Dividend strategies offer protection in volatile market phases. Due to the trade conflict between China and the USA, volatility is back in the market. For Asian investors, a look at dividend funds therefore makes sense. We talked to Christopher W. Floyd, portfolio manager at Legg Mason subsidiary QS Investors.
AsiaFundManagers.com: With the QS Investors Managed Volatility Asia Pacific ex-Japan Equity Growth and Income Fund you have established a dividend fund. How does the investment process looks like?
Christopher W. Floyd: Our investment process employs proprietary fundamental and behavioral models to build a portfolio of equity investments with strong financial health, high sustainable dividends and attractive fundamentals. Our investment process is comprised of four main steps:
We apply liquidity, data quality and dividend screens to the broad universe of stocks to create an investable universe of approximately 1,500 dividend paying stocks.
We use our bottom-up stock selection models to rank securities based on dividend sustainability, return stability and attractive fundamentals. We utilize these scores as inputs to create a diversified portfolio of approximately 115 stocks. We execute trades to keep the portfolio updated with the latest information while remaining within the strategy’s constraints.
AFM: What advantages does your income strategy offer investors?
Christopher W. Floyd: QS Investors Managed Volatility Asia Pacific ex-Japan Equity Growth and Income strategy offers equity market participation while providing downside protection with a more stable equity return and dividend yield than market-cap weight indices. Our strategy is based on extensive academic and practitioner research showing that low volatility and dividend paying stocks tend to outperform traditional market cap benchmarks, by generating a more stable stream of returns while mitigating drawdowns. These features are particularly compelling in lower growth environments, such as the one we are potentially heading towards, following the 10-year bull market in global stocks.
Income strategy has performed well in Asia
AFM: Do income strategies also work in Asia?
Christopher W. Floyd: An income strategy in Asia may be compelling for investors seeking exposure to Asian equities with a more stable stream of returns. Over the long term, a focus on stocks with strong dividend characteristics has performed very well in the Asian markets.
AFM: How is the fund structured, how does it look like?
Christopher W. Floyd: The fund is comprised of approximately 115 securities within Asia Pacific ex-Japan that exhibit better financial health (more sustainable dividends, higher free cash flow yield), return stability (lower beta, lower predicted risk) and attractive fundamentals (attractive valuation, favourable sentiment). The portfolio is well diversified across sectors and countries within the MSCI Asia Pacific ex-Japan universe.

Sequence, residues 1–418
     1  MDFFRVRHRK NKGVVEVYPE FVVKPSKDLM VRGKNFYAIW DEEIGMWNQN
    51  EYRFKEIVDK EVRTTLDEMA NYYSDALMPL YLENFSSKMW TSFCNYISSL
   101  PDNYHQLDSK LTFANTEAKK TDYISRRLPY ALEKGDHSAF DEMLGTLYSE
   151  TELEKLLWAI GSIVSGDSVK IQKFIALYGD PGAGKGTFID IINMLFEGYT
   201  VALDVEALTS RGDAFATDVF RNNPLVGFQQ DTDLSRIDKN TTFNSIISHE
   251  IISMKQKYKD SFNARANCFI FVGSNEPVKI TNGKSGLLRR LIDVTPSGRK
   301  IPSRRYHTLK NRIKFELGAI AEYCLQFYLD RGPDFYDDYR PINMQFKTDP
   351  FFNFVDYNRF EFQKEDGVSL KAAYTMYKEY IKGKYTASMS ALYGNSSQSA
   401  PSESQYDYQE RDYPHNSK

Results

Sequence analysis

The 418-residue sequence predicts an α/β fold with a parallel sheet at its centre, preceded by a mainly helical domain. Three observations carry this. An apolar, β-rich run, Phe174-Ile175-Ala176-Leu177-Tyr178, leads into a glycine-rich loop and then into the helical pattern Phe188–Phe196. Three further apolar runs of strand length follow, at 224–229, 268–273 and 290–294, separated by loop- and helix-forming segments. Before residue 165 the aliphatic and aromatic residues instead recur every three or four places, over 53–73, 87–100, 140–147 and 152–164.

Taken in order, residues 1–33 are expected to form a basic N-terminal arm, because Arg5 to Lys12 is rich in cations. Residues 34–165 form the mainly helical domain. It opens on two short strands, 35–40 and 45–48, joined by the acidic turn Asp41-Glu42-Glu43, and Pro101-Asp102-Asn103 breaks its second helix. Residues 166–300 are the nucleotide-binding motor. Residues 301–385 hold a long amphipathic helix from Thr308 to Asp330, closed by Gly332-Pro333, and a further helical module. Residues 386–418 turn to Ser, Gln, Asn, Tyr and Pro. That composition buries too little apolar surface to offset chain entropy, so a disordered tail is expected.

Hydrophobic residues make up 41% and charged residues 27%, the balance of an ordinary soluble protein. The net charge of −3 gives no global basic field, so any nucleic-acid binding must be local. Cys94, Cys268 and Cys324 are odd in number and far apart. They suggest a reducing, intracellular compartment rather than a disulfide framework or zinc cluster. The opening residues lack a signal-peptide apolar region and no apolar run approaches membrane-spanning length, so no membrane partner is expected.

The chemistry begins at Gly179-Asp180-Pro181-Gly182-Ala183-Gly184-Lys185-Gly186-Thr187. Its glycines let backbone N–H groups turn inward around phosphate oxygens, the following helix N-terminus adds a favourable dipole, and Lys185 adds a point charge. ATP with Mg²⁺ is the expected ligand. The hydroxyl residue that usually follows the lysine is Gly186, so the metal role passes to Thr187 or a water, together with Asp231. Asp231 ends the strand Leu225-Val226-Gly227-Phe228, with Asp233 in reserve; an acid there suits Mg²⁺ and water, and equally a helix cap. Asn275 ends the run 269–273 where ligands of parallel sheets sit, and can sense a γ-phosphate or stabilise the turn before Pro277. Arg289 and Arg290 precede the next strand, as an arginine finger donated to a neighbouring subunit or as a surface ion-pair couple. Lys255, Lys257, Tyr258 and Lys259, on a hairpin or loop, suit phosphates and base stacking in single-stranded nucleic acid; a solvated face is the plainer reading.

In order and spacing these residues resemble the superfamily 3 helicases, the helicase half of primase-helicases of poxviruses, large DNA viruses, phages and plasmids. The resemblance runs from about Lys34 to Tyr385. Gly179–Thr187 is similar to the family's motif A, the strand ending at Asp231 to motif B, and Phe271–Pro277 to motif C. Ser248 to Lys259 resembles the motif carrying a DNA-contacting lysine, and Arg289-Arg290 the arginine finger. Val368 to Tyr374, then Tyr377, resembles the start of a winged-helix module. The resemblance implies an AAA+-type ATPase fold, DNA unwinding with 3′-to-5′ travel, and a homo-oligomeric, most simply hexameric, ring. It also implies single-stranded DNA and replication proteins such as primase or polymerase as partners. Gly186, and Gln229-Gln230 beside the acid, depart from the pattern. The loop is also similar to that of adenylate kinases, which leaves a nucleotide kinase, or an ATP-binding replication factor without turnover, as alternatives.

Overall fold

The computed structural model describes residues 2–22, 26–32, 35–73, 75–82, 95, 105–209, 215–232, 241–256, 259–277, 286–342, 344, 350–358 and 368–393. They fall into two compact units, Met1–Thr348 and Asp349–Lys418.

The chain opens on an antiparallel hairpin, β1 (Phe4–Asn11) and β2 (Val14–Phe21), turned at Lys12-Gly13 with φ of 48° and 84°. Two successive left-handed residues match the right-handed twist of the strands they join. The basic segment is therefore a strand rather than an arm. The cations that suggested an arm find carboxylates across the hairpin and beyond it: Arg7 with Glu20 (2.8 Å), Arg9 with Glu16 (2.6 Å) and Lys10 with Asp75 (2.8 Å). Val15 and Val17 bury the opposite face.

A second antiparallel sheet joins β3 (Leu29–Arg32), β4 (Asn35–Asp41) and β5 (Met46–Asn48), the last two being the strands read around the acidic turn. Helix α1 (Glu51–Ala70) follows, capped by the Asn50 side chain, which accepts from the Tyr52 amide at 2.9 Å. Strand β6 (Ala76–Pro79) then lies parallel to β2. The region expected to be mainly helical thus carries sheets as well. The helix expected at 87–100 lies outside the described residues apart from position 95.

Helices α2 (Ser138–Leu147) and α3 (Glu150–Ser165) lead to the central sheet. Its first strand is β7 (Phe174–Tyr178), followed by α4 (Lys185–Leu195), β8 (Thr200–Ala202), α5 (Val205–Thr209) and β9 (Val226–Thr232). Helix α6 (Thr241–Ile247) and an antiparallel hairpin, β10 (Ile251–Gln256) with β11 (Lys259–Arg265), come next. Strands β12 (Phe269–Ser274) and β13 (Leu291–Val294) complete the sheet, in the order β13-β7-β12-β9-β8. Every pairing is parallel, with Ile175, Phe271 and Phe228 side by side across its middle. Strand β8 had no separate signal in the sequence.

Elections in Asia may add to volatility
AFM: What is your outlook 2019 for Asia?
Christopher W. Floyd: In 2018 many of the concerns we highlighted late last year such as continued tightening by the Fed and other central banks, peaking economic growth and ongoing disputes over trade barriers and protectionism led to a sharp market downturn after years of lower volatility. Most of those issues are still in the forefront of investors’ minds as we started 2019, with little in the way of resolution expected any time soon. Elections in countries such as India, Indonesia and Australia may also add to the volatility. In the face of these uncertainties, our low volatility approach, focused on a well-diversified portfolio of stocks with growing dividends, low betas, and strong fundamentals, provides a compelling opportunity for investors in search of a degree of protection from drawdowns in equity markets.
AFM: How do you position the fund with regards to the trade conflict?
Christopher W. Floyd: Our process is model driven and more focused on stock selection rather than trying to time country or sector exposure, therefore most changes to the portfolio will come about as data inputs to the stock model change. We run the models daily to capture any data changes and will trade the portfolio should we see significant changes. Portfolio turnover tends to be relatively low (20-30% annually) given that steady dividend-paying stocks tend to have relatively more stable fundamental characteristics over time. We would therefore expect to see changes in the positioning of the fund should the trade wars affect dividend sustainability, volatility, valuation and/or sentiment. Currently we are underweight China and generally have more weight in stocks with domestic exposure rather than those that are more export-oriented.
AFM: Thank you very much for the interview, Mr. Floyd.
Christopher W. Floyd, CFA
Portfolio Manager, QS Investors
Member of the Global Equity Portfolio Management group. Formerly a developed markets Senior Portfolio Manager at Batterymarch Financial Management from 2012 to 2014. At Batterymarch, he also served as a Portfolio Manager from 2003 to 2012 and and Quantitative Analyst from 2000 to 2003. Prior to joining Batterymarch, he performed market analysis at Urban & Associates and worked with retirement plans at Bay State Federal Savings Bank.
Education: BA in Economics from Dartmouth College; MBA in Management from Cornell University.